From Paris With Love
Release Date: February 5, 2009
Cast: John Travolta, Jonathan Rhys-Meyers
By Sean Chavel
The people behind the making of "From Paris with Love" wanted to make a sensational CIA intrigue action-adventure without caring whether or not the CIA details were accurate or realistic. The filmmakers' intention is to create an entertainment that is a blast, a rip-roaring adventure that doesn't need to mirror anything going on in real life. The clichés are ripped off from clichés from other movies.
Pierre Morel (“Taken,” which demonstrated concern with that thing called narrative ) gets to play around with a couple of explosion scenes, meaning you get the sense that this is a director that loved putting together his sharp camera angles and smash-cut editing techniques. He gets two primary camera subjects: Jonathan Rhys Meyers (who we love from “Match Point”) and John Travolta (who we love from “Face/Off”). Kasia Smutniak (who you might know only if you spend a lot of time with French cinema) is the secondary camera subject, also known as the pretty girl.
James Reese (Rhys Meyers) is established early as a personal aide to the U.S. Ambassador in Paris. In addition to being an aide, he is also the Ambassador's chess partner which is important for setting up a howlingly bad exchange of dialogue at the end of the movie which I dare not give away. Anyway, Reese's dream is to become an operative for the CIA. He gets an on-the-field training day when he acts as escort to FBI agent Charlie Wax (Travolta) who transports firearms from the States and successfully gets them past French security.
For a whole half hour, I was uncertain what was going on plot-wise but off the track I was still amused by the male repartee. What I could gather was that Wax might be considered some kind of bad guy since he indulges in snorting drugs and cajoling with hookers. If there is a central mystery in the film – intended or unintended because I was never sure if the filmmakers had an agenda or not – it is whether or not Wax is a bad guy or simply a badass renegade. Like I said, I wonder if “mystery” was even intended within the screenplay.
What is apparent is that Reese is less an escort than a tag along, and the intensity of Wax's methods is scary for him – Reese is not sure if he should trust Wax. Within two hours, the two of them are already engaged in a couple of shoot-outs or brawls. Within twenty-four hours, well, it's bam-bam all over the place. The one-liners in-between the bullet frays can be described as either awful or priceless, or maybe it is both at the same time. I think screenwriters of action movies in the 1980's tried harder to be witty. I do apologize for not having any dialogue examples for you, but perhaps just in case you see the movie, I wouldn't want to spoil the ridiculousness for you.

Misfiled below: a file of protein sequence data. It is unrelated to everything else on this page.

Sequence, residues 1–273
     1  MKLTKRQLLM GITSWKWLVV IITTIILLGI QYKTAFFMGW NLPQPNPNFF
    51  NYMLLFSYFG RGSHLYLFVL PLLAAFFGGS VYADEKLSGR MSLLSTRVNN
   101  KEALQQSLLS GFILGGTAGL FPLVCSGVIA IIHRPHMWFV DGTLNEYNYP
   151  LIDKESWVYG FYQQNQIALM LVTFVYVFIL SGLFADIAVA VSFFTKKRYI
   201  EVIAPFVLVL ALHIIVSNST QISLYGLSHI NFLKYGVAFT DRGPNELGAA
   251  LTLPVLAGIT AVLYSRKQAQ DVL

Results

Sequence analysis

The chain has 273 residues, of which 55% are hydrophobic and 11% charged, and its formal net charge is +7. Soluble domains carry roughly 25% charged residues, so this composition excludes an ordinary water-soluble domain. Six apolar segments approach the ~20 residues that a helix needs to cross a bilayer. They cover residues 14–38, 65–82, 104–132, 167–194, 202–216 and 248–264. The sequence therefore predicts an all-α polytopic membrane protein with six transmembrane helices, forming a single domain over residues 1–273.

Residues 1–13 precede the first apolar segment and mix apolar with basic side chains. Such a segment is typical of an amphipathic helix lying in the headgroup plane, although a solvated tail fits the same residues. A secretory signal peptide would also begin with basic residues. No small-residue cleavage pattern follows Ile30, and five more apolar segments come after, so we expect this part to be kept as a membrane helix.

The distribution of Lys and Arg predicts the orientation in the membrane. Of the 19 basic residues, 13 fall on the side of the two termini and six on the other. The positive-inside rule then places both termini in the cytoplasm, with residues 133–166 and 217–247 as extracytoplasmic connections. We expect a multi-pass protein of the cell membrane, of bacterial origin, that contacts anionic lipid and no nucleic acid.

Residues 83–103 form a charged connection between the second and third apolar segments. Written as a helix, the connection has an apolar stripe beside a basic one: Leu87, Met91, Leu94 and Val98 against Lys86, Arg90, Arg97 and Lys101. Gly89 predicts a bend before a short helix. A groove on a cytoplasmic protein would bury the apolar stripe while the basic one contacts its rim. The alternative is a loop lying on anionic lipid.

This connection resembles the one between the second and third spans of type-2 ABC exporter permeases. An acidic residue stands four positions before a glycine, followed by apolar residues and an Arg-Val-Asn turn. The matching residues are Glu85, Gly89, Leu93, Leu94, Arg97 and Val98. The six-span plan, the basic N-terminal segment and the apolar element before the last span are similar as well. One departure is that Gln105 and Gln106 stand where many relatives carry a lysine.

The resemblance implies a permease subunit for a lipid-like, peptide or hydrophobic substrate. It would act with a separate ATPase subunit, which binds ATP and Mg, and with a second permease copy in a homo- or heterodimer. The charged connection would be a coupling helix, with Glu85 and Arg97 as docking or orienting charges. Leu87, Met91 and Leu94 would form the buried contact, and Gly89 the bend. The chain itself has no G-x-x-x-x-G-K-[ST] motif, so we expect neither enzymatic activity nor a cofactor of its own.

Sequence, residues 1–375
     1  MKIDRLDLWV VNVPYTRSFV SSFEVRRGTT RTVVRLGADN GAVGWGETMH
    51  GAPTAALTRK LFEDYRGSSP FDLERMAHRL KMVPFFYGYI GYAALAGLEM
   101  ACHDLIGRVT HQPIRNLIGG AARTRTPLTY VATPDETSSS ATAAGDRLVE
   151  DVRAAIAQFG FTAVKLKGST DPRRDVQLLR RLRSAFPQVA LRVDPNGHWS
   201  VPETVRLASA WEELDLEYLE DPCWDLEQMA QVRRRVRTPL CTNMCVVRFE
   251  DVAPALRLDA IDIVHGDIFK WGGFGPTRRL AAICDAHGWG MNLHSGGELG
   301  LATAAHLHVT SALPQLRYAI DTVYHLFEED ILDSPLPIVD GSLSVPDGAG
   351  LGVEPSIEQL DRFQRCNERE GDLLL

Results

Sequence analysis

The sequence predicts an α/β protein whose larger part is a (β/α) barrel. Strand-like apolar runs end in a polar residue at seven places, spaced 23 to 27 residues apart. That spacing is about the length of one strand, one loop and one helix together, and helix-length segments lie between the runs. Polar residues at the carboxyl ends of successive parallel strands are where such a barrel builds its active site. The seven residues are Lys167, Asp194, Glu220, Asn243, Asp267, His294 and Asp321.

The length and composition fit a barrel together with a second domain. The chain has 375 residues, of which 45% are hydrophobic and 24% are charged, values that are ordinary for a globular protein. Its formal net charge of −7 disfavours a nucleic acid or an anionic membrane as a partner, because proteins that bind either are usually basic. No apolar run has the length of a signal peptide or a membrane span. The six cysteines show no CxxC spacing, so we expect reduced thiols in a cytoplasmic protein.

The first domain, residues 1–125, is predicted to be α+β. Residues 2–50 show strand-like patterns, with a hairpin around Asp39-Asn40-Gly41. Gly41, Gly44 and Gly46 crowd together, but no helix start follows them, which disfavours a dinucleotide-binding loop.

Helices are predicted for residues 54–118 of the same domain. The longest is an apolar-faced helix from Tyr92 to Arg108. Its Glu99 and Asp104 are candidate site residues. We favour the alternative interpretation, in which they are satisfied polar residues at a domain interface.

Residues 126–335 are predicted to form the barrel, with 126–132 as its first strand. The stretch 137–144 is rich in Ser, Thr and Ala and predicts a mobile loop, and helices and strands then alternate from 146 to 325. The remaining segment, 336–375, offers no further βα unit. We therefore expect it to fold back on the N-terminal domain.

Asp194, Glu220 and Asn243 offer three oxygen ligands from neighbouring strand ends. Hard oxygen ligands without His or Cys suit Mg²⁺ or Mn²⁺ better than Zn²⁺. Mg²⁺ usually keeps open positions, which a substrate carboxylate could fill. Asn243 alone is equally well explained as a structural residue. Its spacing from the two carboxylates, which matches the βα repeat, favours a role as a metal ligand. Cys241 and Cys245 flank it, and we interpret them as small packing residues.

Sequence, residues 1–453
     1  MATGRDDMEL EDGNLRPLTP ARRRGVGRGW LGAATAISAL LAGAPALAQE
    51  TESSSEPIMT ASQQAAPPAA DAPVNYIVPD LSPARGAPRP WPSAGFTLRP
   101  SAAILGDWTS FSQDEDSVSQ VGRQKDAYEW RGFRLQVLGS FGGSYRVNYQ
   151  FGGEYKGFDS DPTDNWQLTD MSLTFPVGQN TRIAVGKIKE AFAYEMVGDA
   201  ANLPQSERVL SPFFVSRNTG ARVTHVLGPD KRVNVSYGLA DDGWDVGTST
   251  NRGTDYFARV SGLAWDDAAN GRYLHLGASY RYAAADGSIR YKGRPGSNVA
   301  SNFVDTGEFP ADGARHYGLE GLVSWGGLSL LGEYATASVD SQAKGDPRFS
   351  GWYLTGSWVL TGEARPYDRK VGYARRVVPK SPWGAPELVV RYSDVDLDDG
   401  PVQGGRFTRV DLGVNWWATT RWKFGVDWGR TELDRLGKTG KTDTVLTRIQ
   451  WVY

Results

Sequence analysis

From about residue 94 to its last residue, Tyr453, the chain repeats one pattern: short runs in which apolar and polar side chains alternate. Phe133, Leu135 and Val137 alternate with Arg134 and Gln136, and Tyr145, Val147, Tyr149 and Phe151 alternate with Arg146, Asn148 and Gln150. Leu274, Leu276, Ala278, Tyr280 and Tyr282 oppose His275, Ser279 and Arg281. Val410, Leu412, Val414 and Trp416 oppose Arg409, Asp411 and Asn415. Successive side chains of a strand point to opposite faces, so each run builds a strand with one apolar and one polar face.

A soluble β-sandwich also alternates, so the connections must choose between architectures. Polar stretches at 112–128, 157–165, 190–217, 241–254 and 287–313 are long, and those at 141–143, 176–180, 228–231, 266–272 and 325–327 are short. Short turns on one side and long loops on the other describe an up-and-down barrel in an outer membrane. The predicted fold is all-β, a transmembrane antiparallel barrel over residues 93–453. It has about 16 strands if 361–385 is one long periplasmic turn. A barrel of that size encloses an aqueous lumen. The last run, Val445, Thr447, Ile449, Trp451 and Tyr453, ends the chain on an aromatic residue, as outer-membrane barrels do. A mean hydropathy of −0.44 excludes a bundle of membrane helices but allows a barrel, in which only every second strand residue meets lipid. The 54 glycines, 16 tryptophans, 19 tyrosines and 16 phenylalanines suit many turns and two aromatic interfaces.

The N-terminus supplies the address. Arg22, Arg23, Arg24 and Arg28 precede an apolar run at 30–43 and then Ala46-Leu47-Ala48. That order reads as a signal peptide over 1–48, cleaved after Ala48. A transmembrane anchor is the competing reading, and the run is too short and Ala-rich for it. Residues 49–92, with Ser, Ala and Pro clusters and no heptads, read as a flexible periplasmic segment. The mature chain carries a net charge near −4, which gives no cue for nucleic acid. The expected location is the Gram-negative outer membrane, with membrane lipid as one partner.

I am going to be Mr. Obvious here: This is not a respectable movie but it is not trying to be. I can't even begin to say how incoherent the plot is but I am amused by how unconcerned it was at being incoherent. The big whopper plot twist where the key woman of the plot turns out to have a double-crossing agenda isn't mind-bending, it's just contrived.
Oh, the action is preposterous, and laughable, but isn't it fun to laugh? Isn't ridiculous more fun than solemn? Sure, sometimes it is even if it is to a limited degree. I was shaking my head in disbelief, yet I wasn't exactly bored.
My memory was a little fuzzy just a couple of hours after seeing the movie, but I do have a couple of favorite moments. I like the scene at the end where the French diplomat is irritated by the inconvenience of how delayed she is – didn't she recall that just moments ago an oncoming car got hit by a rocket launcher that was intended for her? Then at the beginning, how about shoot-out at the Chinese restaurant scene with cocaine oozing through bullet holes from the ceiling. What was that about? I mean to say, What Was That About!!!